By Jason Johnson & Dale Liesch
Alabama lawmakers are in Montgomery considering a lottery, but despite public support, concerns about how the proceeds would be spent and the type of activities that would be legal are threatening to derail the process before there’s even get a chance for citizens to vote.
That sentence could have been accurately written last year … or in 2016 … or at pretty much any point over the past decade. Alabama has gone back and forth many times over the possibility of a state lottery to keep residents from playing ones already established in neighboring states.
Most political observers believe there is as much public appetite for a state lottery today as there has ever been in Alabama, but establishing a lottery here isn’t an easy process. For one, it requires a referendum vote because Alabama’s 1901 Constitution bans all forms of gambling.
The last time the Legislature managed to pass a bill authorizing a referendum vote on the issue was in 1999, and Alabama voters shot down that state lottery proposal by 61 percent.
Sam Fisher, an assistant professor of political science at the University of South Alabama, said he believes — if legislators were able to get a vote before the people again — things might be different this go-around. Fair warning, though: Fisher said he thought that in 1999, too.
“I would imagine it would have a better shot of passing because people have become more used to the notion of a lottery, and nothing really tragic has happened in these other states that have had them for years now,” Fisher said. “In the past, at least in Alabama, it’s been cast as a moral issue, but I think some of the conservative Christians that may have been opposed to it in previous years have loosened that grip a bit.”
While that may be true, a referendum vote would be the easy part. Getting there is trickier.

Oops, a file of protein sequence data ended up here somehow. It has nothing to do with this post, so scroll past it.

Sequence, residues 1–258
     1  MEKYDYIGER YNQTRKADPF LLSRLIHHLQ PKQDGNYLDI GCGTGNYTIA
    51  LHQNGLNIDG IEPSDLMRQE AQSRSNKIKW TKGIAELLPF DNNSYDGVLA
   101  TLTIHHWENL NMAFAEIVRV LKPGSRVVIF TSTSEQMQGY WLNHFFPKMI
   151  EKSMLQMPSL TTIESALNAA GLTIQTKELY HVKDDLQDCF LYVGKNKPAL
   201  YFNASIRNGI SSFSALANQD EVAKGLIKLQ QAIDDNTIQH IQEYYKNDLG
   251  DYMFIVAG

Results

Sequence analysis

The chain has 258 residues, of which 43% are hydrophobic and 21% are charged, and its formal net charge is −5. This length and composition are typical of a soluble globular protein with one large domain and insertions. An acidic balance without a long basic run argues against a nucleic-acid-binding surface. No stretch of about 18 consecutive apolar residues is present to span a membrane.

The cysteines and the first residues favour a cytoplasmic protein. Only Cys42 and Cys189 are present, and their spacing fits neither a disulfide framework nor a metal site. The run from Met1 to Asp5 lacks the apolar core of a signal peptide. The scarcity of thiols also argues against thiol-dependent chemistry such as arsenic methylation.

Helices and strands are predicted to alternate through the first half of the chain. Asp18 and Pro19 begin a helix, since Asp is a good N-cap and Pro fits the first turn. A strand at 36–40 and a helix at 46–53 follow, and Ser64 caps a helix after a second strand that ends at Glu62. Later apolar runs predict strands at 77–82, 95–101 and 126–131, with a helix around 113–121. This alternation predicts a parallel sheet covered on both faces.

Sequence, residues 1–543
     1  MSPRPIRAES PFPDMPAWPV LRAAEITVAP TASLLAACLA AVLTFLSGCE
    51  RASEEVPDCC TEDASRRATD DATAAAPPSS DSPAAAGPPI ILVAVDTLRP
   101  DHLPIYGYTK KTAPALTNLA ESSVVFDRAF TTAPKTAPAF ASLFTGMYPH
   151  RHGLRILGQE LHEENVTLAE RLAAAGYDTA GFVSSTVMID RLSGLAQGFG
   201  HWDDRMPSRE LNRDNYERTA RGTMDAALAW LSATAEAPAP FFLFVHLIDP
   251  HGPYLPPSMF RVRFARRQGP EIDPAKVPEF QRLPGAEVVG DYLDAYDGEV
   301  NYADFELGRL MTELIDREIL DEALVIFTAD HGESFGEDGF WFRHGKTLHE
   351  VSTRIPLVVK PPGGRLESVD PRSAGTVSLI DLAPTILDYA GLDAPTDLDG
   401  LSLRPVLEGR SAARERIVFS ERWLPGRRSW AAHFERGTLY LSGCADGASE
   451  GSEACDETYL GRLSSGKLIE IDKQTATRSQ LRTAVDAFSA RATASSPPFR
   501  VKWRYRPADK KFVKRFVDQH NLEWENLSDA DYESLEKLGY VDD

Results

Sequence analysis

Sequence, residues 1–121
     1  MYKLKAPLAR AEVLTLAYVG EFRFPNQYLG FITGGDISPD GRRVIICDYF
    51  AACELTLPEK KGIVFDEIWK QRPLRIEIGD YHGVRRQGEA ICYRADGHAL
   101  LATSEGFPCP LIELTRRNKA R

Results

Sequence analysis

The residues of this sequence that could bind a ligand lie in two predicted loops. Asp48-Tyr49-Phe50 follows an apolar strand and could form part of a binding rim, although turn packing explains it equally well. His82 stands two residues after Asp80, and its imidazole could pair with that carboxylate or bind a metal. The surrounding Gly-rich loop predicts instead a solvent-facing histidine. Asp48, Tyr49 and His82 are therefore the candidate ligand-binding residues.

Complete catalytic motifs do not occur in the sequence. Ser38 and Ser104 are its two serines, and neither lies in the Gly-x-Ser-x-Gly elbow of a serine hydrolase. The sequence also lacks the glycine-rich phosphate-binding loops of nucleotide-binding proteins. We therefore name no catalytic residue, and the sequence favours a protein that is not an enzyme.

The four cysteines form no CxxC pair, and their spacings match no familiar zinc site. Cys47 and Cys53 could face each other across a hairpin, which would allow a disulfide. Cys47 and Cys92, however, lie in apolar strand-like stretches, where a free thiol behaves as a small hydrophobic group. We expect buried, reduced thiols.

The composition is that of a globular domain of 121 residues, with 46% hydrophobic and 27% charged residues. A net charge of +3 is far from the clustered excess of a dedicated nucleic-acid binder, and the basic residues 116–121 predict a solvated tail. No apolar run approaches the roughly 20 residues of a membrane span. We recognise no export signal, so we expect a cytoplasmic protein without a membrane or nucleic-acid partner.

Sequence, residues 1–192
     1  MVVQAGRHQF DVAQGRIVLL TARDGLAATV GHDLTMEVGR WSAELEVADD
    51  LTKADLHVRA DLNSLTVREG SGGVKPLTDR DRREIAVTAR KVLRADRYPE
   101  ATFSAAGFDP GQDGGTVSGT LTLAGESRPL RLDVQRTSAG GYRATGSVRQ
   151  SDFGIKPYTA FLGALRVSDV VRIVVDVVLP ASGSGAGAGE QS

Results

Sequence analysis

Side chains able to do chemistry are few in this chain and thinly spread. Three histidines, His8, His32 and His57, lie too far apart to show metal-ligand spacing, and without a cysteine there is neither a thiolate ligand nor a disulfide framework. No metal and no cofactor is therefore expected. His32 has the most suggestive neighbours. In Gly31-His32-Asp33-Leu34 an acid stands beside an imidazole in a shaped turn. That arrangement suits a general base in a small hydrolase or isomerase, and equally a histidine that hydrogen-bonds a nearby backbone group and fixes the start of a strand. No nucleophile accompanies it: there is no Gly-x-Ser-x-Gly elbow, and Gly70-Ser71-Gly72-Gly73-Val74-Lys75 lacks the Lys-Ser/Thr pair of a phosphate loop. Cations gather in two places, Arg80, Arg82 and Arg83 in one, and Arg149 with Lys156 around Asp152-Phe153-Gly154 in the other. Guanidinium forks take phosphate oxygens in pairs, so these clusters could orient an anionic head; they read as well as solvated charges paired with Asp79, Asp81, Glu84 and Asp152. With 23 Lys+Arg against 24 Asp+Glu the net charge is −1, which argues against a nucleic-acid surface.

Alabama’s Republican-led Legislature was able to quickly organize and pass the state’s first gas tax increase in 27 years in only a few short days, but a bill letting Alabamians cast an up or down vote on a lottery is not expected to move as easily.
Danny Sheridan, a nationally recognized oddsmaker who provided daily odds to USA Today for more than three decades, has long accused legislators in Alabama of treating residents like they aren’t smart enough to be trusted with something like a lottery referendum.
“We’re smart enough to vote them into office, but they don’t think we’re smart enough to vote on lottery or casino gambling or other things that affect the state,” Sheridan said. “Don’t get me wrong, it’s OK if you’re against the lottery, but it’s not OK to refuse to let citizens vote on it.”
If citizens were to get that chance, Sheridan said he would bet on Alabama approving a state lottery by a 65 to 70 percent margin, at least. Even though he believes lotteries are “a regressive tax on the poor,” Sheridan said he would cast a “yes” vote if the question was on the ballot today.
That’s because, for years, he’s watched residents take millions of dollars to neighboring states like Florida, Georgia and Tennessee. Mississippi, which already has waterfront casinos and legal sports betting, is also considering a lottery. Without a lottery of their own, Sheridan said Alabamians will send money there, too.
It’s hard to put an exact number on how many Alabamians are playing other states lotteries, but it’s estimated to be millions. Another way to gauge the popularity of out-of-state lotteries is by looking at how many winners hang their hats in the Yellowhammer State.
According to the Florida Lottery, more than 1,620 Alabama residents claimed prizes greater than $600 between the beginning of 2018 and last week.
Of those, at least 183 were from Mobile County — including some of the state’s biggest winners.
In 2018, a Mobile resident claimed a $223,639 prize from one of Florida’s many lottery games. Another man from Wilmer took another $175,000 back to Alabama.
Neither of those compared to the $5.3 million prize claimed by a woman from Ozark, Alabama last March.